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In this edition of the Alpha Letter, we cover:
Stocks & Options: Will AMC keep rising? Also take a look at some other movie theater stocks
Dividend Growth: This mid cap investment bank just increased its dividend 33%
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Stocks & Options
Let’s start with the big story from Tuesday: AMC
AMC popped 22% on Tuesday, breaking above $30 again.
AMC options were incredibly active again, just like they were last week. AMC was the fourth-most traded name in the options market in terms of total premium traded. Total premium was $813 million for AMC Tuesday (the highest in the market was SPX at $1.7 billion).
Here is how that option premium broke out, according to the Options Matrix.
The most active call was the $35 expiring this Friday (June 4th). It’s no surprise that AMC bulls are looking to the out-of-the-money calls to profit from AMC’s rise. Right now, we are seeing a smaller-scale version of the GameStop squeeze from January in which every single OTM call printed money for days on end.
Will AMC keep going up?
Nobody knows for sure, especially with these huge short squeeze rallies. GameStop went up several hundred percent after most “experts” were certain the stock had exhausted itself.
While it’s impossible to tell for certain what’s coming next, I think the best strategy is to look at the option flow for clues. The option flow doesn’t always tell you where a stock is going, but in some cases it can give you a great clue.
For example, we noticed that AMC’s option flow hinted at a huge rally all the way back on May 11 in our options newsletter.
Option activity has died down a bit compared to Thursday and Friday of last week, but volume remains high. Total option premium traded in AMC last week was well over $1 billion on multiple days, so it’s notable that option activity has fallen considerably since then.
The put/call ratio is still very low at 0.36, which is normally a bullish sign. However, things change a bit after a large rally. Call volume was extremely high last week, meaning there are large amounts of call options still outstanding.
Therefore, high call volume after a large run-up isn’t as bullish as large call volume when the stock is doing nothing. A lot of the activity could be call holders unloading positions at increasingly-lower prices.
This isn’t a certainty in this situation, but it’s a scenario to keep in mind.
To figure out if that’s actually happening here, I checked the prices of weekly calls. If prices of those calls fell during the day, the scenario I described above could be happening. In other words, it would mean that the high call volume is actually call holders trying to unload their calls at lower and lower prices, which would actually be bearish.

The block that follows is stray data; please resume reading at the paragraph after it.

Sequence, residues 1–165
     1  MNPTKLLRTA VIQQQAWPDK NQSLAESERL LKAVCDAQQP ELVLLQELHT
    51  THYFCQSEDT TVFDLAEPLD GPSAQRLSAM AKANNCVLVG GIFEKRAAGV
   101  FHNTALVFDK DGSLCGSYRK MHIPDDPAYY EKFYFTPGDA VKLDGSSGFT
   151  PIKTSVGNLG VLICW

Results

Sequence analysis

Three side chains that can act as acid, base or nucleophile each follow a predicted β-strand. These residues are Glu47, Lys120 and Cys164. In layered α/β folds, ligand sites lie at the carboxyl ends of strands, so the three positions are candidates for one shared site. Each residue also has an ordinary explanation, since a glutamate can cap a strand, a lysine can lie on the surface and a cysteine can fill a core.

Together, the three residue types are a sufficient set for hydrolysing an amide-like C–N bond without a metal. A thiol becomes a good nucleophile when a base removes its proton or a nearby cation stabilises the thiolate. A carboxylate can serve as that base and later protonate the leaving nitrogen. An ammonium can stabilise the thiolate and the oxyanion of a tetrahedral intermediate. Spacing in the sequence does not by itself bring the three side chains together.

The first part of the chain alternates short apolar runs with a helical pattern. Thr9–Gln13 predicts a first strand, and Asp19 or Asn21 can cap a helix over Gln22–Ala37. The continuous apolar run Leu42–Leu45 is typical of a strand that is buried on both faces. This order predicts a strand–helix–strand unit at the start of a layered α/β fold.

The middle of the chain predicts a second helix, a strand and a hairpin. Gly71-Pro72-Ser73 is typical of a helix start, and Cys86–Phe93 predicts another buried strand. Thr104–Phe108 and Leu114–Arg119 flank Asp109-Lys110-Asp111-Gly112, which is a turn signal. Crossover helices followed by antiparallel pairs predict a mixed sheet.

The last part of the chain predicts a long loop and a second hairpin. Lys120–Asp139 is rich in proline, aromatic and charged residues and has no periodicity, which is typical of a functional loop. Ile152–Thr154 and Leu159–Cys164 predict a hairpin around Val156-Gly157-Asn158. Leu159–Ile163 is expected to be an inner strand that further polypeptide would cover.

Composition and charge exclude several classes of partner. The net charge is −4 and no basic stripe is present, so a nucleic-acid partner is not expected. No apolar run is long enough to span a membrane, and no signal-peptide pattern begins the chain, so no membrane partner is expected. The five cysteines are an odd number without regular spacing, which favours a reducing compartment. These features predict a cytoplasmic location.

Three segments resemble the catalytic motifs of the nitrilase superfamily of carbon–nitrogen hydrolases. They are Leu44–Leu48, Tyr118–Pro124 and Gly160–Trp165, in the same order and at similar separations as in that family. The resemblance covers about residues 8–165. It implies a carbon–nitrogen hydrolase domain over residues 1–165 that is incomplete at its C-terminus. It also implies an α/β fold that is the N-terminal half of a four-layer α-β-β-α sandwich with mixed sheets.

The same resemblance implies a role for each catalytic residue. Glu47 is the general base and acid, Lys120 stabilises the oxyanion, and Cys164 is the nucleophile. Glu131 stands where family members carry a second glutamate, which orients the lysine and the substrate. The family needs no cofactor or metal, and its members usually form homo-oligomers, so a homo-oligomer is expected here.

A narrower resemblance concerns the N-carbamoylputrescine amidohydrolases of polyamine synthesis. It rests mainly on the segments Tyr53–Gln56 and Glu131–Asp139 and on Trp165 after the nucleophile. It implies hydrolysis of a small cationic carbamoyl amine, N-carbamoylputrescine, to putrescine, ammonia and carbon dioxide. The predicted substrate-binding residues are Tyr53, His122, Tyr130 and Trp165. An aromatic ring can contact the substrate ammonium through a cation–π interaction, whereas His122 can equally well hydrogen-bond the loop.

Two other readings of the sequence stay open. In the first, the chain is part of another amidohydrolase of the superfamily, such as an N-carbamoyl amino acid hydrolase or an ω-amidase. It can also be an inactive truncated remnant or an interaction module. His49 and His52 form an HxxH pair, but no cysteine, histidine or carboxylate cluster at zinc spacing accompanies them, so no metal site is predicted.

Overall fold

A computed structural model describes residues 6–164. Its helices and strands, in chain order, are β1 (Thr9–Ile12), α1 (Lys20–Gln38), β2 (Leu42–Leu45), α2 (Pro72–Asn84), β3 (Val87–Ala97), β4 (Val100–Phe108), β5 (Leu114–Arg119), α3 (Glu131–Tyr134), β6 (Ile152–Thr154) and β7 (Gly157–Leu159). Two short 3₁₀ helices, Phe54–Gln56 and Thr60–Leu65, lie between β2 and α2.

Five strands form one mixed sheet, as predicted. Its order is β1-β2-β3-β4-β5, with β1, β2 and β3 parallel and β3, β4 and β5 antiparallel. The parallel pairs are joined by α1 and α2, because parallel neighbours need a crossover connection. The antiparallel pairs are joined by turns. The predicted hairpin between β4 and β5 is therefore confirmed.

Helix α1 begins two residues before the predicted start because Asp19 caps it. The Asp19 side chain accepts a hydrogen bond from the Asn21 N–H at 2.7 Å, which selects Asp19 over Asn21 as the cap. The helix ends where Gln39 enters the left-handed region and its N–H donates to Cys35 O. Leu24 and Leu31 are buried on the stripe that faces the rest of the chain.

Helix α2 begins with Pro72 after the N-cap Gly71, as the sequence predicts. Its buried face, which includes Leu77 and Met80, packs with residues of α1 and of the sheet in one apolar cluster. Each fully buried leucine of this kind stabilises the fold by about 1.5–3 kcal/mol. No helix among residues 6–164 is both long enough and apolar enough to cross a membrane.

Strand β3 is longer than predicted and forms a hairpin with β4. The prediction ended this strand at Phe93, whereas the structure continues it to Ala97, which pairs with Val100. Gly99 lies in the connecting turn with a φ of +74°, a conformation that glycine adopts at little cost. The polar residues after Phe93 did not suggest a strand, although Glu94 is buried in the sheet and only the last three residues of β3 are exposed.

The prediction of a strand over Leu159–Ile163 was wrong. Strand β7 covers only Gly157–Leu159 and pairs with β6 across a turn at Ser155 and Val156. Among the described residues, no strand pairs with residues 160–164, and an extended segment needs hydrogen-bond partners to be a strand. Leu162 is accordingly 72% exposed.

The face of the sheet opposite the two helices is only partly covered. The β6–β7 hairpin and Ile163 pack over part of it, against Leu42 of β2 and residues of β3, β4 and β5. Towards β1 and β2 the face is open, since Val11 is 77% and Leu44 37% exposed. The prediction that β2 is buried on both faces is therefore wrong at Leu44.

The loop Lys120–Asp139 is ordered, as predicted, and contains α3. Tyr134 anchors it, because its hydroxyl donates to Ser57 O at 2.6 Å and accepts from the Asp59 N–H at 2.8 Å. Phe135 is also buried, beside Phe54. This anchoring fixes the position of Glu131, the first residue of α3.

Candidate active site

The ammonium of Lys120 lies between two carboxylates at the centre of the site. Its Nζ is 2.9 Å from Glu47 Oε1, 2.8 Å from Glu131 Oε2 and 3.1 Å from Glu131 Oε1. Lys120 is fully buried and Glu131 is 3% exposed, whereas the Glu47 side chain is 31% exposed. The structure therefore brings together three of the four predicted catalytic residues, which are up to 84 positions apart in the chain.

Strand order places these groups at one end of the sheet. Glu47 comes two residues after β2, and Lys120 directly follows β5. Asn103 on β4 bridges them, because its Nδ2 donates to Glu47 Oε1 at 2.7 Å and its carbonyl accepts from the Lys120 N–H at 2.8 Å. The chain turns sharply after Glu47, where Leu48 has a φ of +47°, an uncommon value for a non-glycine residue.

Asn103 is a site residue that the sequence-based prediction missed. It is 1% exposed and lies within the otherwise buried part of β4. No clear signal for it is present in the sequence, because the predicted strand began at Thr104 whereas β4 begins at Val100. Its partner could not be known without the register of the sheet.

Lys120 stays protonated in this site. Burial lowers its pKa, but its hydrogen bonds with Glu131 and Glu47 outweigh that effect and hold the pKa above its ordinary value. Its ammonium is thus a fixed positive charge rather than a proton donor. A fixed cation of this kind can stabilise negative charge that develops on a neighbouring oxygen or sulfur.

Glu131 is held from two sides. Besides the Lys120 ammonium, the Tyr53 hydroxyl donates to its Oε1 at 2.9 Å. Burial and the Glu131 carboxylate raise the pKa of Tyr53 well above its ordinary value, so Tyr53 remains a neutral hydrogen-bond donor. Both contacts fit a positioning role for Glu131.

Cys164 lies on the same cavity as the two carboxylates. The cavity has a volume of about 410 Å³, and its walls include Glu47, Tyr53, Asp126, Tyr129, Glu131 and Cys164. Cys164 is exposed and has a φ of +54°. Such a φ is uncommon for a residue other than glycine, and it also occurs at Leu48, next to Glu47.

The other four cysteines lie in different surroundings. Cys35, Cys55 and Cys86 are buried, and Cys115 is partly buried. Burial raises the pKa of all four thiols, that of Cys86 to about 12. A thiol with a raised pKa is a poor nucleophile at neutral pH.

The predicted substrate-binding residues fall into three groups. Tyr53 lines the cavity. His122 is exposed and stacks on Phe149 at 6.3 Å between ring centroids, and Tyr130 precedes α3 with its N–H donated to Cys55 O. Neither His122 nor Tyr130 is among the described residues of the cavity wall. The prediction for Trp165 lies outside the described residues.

Here is the chart for the $40 calls expiring Friday, which are actually pretty close to in-the-money based on Tuesday’s after-hours trading.
The calls fell off after Friday’s peak IV levels, but the prices have remained fairly steady since that decline. This doesn’t give me much of a bearish or bullish signal, so I will keep digging until I find something that informs my opinion either positively or negatively.
Speaking of which, I urge AMC traders (and traders of any other stocks) to follow a similar process. Far too many people will remain bullish long after it makes sense to do so. That’s how people convince themselves to buy GameStop at $450 and end up losing 50%.
You should not be bullish forever, especially after a 5,000% run-up in a few months. Rallies like that can’t be sustained without a sharp drop on the other side as people take profits. If you’re a short-term trader, you should have a process for looking at option data, the trade tape, and sentiment to inform your outlook on the stock.
Now back to my AMC analysis.
IV is getting crushed over the past few days. Even though AMC is up since Friday afternoon, the calls are in the same spot. This tells me not to buy calls, as I’ll likely end up losing money even if AMC continues to rise steadily. To pump IV again, AMC would likely need a massive up move that defies most people’s expectations.
Based on the mixed options data right now, I’m not buying AMC options. I think there is still money to be made selling calls, but a name like AMC can easily wipe out call sellers. I think the only play here is to own shares or sell spreads.
I also think looking at other movie theater stocks is a good play. The rising tide of AMC will likely lift the other boats.
Jefferies Financial Group (NYSE:JEF) is an investment bank and asset manager that increased its dividends substaintly this year. After a great 2020 fueled by the SPAC boom, Jefferies increased its quarterly dividend by 33% over last year. It now pays out 20 cents per share per quarter, or 80 cents per year.
That gives JEF a 2.48% dividend yield based on Tuesday’s closing price.
Check out this summary from Kiplinger:
“Jefferies achieved record net revenue of $5.2 billion in fiscal 2020, as well as record net earnings of $875 million and 20.4% return on equity (ROE). Revenue from investment banking, capital markets and asset management each set new records, while the merchant banking business recorded a pre-tax loss. Jefferies also ramped up share repurchases, and has returned nearly $3.4 billion to investors in the past three years through both stock buybacks and dividends.”
Jefferies’ 5-year dividend growth rate is 20% while the stock itself is up 96% over that same time period.
Jefferies seems like a solid addition to any dividend growth portfolio looking for exposure to the financial sector.
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Nice article. Do you analyze options activity when researching a company that you think has great fundamentals and may be undervalued in the short-mid-long term? Or is it mainly useful for these momentum stocks? Kind of a noob here. Thanks.